Fiona Harper has cruised much of the Australian coastline at one time or another, as well as delving deep into its interior. Of all the magical nautical miles she’s covered, it’s memories of WA’s Kimberley region that linger longest.

The Kimberley has so many enchanting bays, rivers and sounds it’s impossible to see everything in just one visit. There are enough highlights among the dramatic Buccaneer Archipelago alone to keep even the most jaded cruiser happy. In fact, some people fall so deeply in love with the region that they never leave. Local characters Phil and Marion sailed in many years ago on their own yacht and have since set up camp in Silvergull Creek (now the Squatters Arms). Visitors are welcome; some find it hard to resist the hospitality and the freshwater plunge pool here as the rum often flows freely.

But it was on a small island north of Broome and southwest of Darwin that the most impressive aspect of the region hit me like a sledgehammer: the intense spirituality of the Indigenous people, who have lived in the far-flung Kimberley region for thousands of years, and their intrinsic relationship with the land, almost knocked me over.

Exploring the granitic outcrops set back from the silica beach, I was mesmerised by rock art thousands of years old. Peering into rock crevices, crawling on hands and knees beneath delicately balanced overhangs toview the cunningly hidden art, I was shockedto come across two human, child-sized skulls gently wedged into a crevice.

Stumbling across human skeletons tends to knock me around a bit. Not that I make a habit of it, but my nerves were already as taut as a violin string, expecting man-eating crocodilesto appear at any moment. We’d been warned of Kimberley crocs with a penchant for soft grey rubber (just the sort of material our tender was made of) so I was understandably nervous each time we ventured ashore.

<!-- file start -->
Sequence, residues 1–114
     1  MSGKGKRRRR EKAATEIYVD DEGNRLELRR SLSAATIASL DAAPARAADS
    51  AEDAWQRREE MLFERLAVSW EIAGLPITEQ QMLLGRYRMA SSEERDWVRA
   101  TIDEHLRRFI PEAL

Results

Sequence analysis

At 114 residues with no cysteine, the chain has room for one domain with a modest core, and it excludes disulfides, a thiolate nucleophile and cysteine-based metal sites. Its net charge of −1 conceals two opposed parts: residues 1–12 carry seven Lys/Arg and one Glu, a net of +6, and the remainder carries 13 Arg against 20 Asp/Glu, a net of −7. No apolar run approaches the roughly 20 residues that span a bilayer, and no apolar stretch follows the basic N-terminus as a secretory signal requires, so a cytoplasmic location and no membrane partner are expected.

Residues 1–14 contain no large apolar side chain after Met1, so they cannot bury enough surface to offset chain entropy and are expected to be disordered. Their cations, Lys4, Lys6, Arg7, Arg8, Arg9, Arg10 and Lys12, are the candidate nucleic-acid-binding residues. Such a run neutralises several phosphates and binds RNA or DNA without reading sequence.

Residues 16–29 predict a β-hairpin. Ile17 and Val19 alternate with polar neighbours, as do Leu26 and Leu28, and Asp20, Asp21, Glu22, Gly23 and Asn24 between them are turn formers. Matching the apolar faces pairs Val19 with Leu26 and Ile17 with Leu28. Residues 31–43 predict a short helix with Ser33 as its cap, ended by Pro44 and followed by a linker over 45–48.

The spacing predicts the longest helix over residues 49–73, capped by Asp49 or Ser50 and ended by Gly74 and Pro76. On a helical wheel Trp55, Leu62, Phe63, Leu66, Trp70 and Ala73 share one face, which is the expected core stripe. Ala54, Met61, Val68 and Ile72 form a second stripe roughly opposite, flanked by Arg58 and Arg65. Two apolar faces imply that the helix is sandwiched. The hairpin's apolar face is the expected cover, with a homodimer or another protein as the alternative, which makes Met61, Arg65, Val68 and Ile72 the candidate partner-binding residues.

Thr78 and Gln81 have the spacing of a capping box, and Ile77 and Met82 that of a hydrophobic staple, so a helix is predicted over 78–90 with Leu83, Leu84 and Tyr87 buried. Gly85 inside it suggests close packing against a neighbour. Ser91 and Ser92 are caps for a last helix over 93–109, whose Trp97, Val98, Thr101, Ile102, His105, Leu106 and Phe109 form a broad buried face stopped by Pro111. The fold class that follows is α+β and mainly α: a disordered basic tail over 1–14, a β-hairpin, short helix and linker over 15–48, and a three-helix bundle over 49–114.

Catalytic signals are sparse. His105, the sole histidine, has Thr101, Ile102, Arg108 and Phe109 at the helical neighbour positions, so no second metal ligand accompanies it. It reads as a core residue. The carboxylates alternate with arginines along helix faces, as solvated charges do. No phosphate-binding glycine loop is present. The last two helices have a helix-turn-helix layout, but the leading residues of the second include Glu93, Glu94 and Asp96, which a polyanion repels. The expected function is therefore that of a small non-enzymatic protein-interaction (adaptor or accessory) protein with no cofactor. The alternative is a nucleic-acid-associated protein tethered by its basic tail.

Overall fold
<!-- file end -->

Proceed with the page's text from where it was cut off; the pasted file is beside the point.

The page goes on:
The skulls were placed side by side in order to keep watch over the beach we’d landed on, their unseeing eyes absorbing the sun’s setting rays across the bay each evening. Hauntingly, this vision stayed with me long after other memories from our trip dimmed. I was intrigued by the culture of the people who’d placed them here. How old were they?

How had they died?I was left with many unanswered questions that I still wonder about many months after inadvertently venturing into this sacred site.

In this largely uninhabited region we saw galleries dating back at least 17,000 years, some say up to 60,000. The ancient treasures of this inhospitable land are considered by some to be the eighth wonder of the world. Known traditionally as Gwion Gwion, the rock art is also called Bradshaw paintings, after the European explorer Joseph Bradshaw documented his discoveries in 1891. There are over 100,000 documented sites, but with a little intrepid daring and some local knowledge it’s possible to discover art sites well off the beaten track.

Visiting the Joseph Bonaparte Gulf, we were inspired to search for art using hand drawn mud maps passed on to us. The Kimberley inspires this sort of gung-ho adventuring. Forging our way through spinifex, across enormous boulders, through a bat-filled crevice and scramblinghigh up a small cliff face, we found ourselves surrounded by outcrops that looked just the sort of site to house ancient middens and rock art. We were soon rewarded for our boldness: we found breathtakingly beautiful rock art, much of it well preserved, but others slowly disappearing as the shale-like rock flaked away. Some of these beautiful images were now lost forever.

Cruises like Orion Expeditions will include a visit to spectacular Raft Point (so named because the traditional people used mangrove tree rafts to tend their fishing grounds). Walking up a short but steep track behind the rocky beach, we found an astounding rock art gallery. High up in the sandstone cliffs, overlooking the sheltered waters of Doubtful Bay and the aptly named Steep Island, the walls and roof of the cave have been intricately cloaked in scores of paintings depicting the unique Gwion Gwion, as well as dugongs, turtles and other marine creatures.

The Kimberley has the ability to mesmerise like no other region I’ve visited. As Mark Twain once said: 20 years from now you’ll be more disappointed by the things you didn’t do than the things you did. So throw off the bowline, sail away from the safe harbour and catch the soft gentle breeze in your sails. With its breathtaking wilderness, ancient rock art, aubergine skies with the setting of the full moon or shameless scarlet with the setting of each sun, the vast Kimberley offers an outstanding experience, so much of it only accessible by sea.


MORE: The Australian Traveller guide to The Kimberley.

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